Goldman To Buy Back Buffett’s Preferred Shares
After the approval of the U.S. Federal Reserve, investment bank Goldman Sachs Group Inc. said that it would buy back some $5billion worth of preferred stocks from Warren Buffett, ending the “costly” deal that has helped the company surge past the financial crisis.
Investment bank Goldman Sachs Group Inc. over the weekend announced plans to buy back some $5billion worth of preferred stocks from Warren Buffett, ending the “unfavorable” deal that has helped the company surge past the financial crisis.
According to reports, Goldman will pay 10 percent premium or at least $1.6 billion to buy back the shares from Buffett. The transaction is also expected to cut down the investment bank’s earnings per share to about $2.80 – plus 4 centavos for accelerated dividends – for the first quarter of this year.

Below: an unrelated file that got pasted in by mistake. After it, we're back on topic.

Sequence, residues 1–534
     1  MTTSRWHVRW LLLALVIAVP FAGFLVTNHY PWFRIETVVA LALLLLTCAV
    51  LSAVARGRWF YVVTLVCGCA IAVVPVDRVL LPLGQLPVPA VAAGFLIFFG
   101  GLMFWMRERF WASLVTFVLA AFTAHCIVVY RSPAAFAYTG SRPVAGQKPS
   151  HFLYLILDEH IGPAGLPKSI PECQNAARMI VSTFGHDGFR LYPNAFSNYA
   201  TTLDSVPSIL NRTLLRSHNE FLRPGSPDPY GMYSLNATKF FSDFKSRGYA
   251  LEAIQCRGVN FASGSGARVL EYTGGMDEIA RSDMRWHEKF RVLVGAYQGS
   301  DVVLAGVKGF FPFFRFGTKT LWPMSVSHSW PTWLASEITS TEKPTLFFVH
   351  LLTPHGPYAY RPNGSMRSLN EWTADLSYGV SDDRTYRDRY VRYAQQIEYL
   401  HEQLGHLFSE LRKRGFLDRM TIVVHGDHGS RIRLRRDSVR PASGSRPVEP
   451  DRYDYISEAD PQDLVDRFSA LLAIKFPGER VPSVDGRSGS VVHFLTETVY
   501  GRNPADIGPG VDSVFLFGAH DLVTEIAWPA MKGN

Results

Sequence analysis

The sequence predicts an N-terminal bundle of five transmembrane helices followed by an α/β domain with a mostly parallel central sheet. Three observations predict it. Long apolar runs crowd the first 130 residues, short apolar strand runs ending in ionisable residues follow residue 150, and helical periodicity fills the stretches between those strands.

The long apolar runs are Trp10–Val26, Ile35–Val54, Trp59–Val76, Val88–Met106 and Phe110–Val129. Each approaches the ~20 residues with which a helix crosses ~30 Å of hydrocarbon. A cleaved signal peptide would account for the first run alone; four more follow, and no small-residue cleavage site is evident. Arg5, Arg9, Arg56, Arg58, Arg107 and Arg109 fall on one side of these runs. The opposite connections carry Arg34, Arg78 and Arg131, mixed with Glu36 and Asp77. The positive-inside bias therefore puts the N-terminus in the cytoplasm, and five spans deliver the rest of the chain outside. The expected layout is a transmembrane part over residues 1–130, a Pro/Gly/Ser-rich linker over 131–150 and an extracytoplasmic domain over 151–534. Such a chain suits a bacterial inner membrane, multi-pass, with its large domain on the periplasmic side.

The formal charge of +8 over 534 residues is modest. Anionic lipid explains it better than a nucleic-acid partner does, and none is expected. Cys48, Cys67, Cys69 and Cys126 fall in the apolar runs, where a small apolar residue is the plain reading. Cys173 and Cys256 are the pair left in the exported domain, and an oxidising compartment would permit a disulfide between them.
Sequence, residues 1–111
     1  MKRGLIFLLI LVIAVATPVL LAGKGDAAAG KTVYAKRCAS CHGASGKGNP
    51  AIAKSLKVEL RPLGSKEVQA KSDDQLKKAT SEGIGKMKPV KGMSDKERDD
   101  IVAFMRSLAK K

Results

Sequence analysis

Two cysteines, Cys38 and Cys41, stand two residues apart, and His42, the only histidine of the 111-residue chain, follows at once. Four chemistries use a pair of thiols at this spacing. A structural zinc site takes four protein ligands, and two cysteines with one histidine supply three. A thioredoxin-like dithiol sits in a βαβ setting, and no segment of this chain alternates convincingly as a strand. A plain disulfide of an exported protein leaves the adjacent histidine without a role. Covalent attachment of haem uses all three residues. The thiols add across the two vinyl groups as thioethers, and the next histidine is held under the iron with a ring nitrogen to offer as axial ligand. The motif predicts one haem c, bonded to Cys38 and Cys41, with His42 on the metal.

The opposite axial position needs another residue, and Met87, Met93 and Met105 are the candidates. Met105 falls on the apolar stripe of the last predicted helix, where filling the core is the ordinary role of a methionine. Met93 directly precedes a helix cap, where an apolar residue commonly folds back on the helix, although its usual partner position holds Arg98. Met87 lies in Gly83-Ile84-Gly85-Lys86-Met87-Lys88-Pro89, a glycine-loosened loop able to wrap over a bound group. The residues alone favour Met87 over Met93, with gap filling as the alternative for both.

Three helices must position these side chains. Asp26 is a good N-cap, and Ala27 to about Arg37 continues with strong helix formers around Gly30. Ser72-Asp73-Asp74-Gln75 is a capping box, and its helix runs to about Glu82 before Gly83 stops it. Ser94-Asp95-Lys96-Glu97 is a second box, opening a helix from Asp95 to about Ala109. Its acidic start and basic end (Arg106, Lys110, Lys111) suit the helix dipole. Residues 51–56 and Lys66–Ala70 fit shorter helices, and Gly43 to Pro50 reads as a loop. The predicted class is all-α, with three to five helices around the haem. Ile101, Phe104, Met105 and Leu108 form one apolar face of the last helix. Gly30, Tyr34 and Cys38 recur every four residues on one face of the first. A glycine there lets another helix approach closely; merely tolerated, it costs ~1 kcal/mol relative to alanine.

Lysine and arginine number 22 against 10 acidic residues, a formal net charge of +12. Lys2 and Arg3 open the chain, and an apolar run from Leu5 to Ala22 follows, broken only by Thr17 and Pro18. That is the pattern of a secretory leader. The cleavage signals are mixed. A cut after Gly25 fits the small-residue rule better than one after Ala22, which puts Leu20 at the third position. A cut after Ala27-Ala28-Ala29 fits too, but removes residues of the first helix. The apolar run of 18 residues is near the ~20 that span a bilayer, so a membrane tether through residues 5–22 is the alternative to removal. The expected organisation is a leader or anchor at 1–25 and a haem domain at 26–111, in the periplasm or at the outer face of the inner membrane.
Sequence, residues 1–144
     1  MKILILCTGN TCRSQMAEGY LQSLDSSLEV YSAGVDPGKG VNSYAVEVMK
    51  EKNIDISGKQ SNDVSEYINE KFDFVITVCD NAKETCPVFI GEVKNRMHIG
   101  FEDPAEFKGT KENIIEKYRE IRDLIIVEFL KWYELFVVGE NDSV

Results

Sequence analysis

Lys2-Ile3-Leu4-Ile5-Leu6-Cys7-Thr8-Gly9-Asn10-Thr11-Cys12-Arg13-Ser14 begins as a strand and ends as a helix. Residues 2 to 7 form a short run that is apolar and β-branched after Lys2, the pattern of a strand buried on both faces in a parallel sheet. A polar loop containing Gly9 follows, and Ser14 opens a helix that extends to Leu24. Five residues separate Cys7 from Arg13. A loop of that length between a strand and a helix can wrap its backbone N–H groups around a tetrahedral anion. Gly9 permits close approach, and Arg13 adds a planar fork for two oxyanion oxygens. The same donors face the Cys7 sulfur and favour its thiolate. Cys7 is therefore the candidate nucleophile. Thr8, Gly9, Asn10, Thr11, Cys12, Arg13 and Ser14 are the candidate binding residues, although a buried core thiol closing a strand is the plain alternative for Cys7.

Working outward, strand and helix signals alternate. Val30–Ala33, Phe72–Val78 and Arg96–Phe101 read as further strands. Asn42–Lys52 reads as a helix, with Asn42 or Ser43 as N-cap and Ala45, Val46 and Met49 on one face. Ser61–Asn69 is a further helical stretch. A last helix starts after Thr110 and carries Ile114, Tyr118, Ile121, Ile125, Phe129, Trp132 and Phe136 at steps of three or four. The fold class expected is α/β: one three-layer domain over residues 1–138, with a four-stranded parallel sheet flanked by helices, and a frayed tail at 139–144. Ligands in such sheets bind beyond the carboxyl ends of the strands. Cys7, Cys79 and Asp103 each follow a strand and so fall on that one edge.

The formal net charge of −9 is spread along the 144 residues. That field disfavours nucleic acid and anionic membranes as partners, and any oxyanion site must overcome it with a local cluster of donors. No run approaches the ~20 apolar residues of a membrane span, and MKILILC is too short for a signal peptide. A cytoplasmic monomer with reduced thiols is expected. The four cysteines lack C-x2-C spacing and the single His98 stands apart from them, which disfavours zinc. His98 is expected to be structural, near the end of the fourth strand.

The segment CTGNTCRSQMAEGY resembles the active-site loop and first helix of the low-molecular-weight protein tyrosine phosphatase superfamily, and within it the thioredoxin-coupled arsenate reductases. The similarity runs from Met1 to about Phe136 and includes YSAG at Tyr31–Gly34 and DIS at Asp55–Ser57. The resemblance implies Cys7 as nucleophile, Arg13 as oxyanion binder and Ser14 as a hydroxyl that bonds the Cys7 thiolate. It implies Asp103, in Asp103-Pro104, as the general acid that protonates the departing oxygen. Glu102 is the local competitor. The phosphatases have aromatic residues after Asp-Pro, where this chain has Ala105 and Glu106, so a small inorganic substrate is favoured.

Goldman is paying Berkshire Hathaway Inc. at least $500 million a year in dividends or $15 per second in exchange for Buffett’s seal of approval that Goldman would survive the financial crisis.
The Federal Reserve, the U.S. central bank, has approved Goldman’s plan to buy back stock and raise its common stock dividend in 2011.
In a statement, Goldman expressed gratitude to Berkshire’s confidence at the height of the recession in 2008, but said that it wants to cut down the costly deal as agreed with the terms of agreement in 2008.
In his annual letter to stockholders in February, Buffett lamented the impending redemption of his shares to Goldman, saying that “it is the company’s right to call our preferred shares on a 30-day notice.”
But Buffett said that the Berkshire will continue to hold a warrant to purchase at least 43.5 million stocks from Goldman, which it had bought along with the preferred shares.